Opinion: Capital Punishment


States which have outlawed capital punishment in blue, all rest in red

For decades, the death penalty has been fiercely debated in American politics. It’s been legal for most of American history, but its use has declined in recent years. It’s time to abolish the death penalty altogether. Here’s why:

1: The death penalty, as it exists today, is not an effective deterrent. 

There’s not a lot of evidence to suggest that capital punishment has been especially effective in deterring violent crime. Research has failed to find a relationship between the homicide rate and the existence of the death penalty. For example, a 1996 study by Northwestern University revealed that some 80% of expert criminologists believed the capital punishment had no deterrent effect. A similar percentage also maintained that increasing the rate or number of executions would not help deter crime.

 2: The death penalty doesn’t cost less than life in prison.

A popular misconception about the death penalty is that it saves money. Executing prisoners on death row is not cheap. Lethal injection drugs have become increasingly expensive, but more costly is the extensive legal process required to go through with an execution. A recent analysis conducted by Seattle University concluded that cases in Oregon where prosecutors sought the death penalty cost almost twice as much as similar cases ending with life in prison.  Shortening this legal process and making executions easier would only incite more wrongful death lawsuits against the state, eventually increasing costs as a result.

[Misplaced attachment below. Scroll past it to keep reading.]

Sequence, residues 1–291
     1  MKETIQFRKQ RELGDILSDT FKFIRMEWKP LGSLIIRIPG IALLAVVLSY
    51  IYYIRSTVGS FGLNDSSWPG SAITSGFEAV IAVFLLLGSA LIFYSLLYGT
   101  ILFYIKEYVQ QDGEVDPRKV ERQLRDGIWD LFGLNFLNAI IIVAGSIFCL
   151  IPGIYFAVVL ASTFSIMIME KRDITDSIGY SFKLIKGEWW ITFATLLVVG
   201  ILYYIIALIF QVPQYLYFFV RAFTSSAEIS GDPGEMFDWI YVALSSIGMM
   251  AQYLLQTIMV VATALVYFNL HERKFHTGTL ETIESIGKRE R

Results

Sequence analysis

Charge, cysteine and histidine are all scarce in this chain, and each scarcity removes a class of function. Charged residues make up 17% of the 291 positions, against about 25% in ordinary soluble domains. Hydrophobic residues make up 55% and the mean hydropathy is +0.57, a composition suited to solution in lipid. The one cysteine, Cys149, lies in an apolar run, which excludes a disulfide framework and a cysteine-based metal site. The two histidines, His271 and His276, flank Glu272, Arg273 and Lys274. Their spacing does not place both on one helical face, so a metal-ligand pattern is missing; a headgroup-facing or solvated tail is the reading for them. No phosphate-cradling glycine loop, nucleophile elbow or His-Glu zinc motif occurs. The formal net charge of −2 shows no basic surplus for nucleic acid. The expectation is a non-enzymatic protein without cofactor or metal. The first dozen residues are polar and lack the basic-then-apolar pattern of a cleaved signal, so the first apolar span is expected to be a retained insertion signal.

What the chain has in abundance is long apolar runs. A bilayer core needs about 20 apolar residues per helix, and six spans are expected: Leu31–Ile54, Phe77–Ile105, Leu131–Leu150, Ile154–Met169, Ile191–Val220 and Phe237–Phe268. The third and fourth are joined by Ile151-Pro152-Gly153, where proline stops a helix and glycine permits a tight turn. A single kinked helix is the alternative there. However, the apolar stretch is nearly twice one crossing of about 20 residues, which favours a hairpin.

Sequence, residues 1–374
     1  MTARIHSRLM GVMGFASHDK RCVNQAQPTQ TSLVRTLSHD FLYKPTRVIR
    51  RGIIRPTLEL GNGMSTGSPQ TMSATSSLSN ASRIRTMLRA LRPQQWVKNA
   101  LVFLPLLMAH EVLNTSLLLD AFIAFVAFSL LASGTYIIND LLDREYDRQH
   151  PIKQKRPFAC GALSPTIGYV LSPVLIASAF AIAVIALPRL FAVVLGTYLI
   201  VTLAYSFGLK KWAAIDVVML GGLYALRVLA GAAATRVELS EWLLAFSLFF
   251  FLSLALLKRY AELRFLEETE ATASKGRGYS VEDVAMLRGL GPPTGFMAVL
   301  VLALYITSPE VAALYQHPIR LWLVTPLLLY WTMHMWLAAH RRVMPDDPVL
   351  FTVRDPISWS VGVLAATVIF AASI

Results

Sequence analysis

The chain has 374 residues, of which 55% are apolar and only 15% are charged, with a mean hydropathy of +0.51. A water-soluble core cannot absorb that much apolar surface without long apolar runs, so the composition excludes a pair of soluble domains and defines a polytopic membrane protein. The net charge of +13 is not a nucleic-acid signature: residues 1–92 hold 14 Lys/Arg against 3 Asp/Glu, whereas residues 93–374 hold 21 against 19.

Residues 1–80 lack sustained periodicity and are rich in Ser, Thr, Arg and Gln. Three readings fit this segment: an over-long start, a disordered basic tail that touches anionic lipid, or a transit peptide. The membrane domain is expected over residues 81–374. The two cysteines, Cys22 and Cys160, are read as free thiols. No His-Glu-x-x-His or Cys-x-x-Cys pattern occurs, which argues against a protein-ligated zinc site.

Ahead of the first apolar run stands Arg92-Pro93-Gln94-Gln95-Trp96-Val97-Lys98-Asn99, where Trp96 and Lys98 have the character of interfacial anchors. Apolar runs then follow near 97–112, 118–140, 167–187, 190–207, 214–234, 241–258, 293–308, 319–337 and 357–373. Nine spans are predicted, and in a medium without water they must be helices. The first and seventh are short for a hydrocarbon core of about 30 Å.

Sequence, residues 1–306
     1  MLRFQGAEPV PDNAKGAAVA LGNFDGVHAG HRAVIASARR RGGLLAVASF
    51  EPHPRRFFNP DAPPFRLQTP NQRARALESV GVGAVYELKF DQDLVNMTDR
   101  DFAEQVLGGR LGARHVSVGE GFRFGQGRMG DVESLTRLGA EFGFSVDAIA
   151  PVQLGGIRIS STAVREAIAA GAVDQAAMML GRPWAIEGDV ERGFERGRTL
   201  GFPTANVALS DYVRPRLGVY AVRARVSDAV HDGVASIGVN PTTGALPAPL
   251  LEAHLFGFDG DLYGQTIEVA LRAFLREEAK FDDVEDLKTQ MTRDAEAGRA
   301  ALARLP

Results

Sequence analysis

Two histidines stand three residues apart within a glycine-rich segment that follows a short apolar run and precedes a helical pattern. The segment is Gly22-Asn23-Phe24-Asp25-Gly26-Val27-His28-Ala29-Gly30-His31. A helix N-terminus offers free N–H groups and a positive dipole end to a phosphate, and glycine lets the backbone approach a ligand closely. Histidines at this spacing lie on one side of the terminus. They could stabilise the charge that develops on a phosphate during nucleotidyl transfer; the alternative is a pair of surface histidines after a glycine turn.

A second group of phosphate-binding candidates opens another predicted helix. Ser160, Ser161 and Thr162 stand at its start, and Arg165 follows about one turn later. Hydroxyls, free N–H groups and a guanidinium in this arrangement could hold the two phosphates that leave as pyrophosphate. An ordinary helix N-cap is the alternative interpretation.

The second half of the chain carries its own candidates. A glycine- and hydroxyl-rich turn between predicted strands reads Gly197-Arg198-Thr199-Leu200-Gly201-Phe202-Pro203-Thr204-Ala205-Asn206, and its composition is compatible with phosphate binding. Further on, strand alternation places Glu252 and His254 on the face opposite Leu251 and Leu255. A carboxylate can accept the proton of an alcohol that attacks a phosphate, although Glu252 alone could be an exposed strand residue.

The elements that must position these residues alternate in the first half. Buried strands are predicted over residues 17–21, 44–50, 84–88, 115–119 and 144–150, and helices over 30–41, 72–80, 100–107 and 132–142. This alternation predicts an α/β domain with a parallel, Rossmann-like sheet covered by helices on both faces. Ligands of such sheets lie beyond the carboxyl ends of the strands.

3: If a mistake is made, it can’t be corrected.

If the state executes a person later found to be innocent, a grave miscarriage of justice has occurred. 

It is better that ten guilty persons escape than that one innocent suffer.

— William Blackstone, English jurist

Researchers at the University of Michigan Law School and Stanford University gave 4.1% as a conservative estimate of the number of innocent people on death row in the United States. For example, in 1944, the State of South Carolina illegally executed a 14-year old boy named George Stinney for a murder he had no part of. It took 70 years for his conviction to be overturned. There are countless examples of people murdered by the state for crimes they did not commit. Just one wrongful execution is too many to allow this practice to continue.

           We all know about the terrible violence perpetrated by terrorists, murderers, and others. Many of us are justifiably angry at the atrocities and believe these acts deserve a reciprocal punishment. The cost, however, both financially and morally, is too great. Allowing violent criminals to face life imprisonment without parole, rather than capital punishment, is a small price to pay.